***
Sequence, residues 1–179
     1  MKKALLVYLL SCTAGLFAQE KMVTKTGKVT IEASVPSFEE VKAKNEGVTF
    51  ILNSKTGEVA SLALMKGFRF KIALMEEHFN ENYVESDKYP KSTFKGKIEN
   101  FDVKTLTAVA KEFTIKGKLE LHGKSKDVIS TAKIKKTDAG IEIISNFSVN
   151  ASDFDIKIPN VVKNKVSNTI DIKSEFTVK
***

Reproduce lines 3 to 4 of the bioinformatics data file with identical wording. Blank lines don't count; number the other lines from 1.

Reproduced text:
    51  ILNSKTGEVA SLALMKGFRF KIALMEEHFN ENYVESDKYP KSTFKGKIEN
   101  FDVKTLTAVA KEFTIKGKLE LHGKSKDVIS TAKIKKTDAG IEIISNFSVN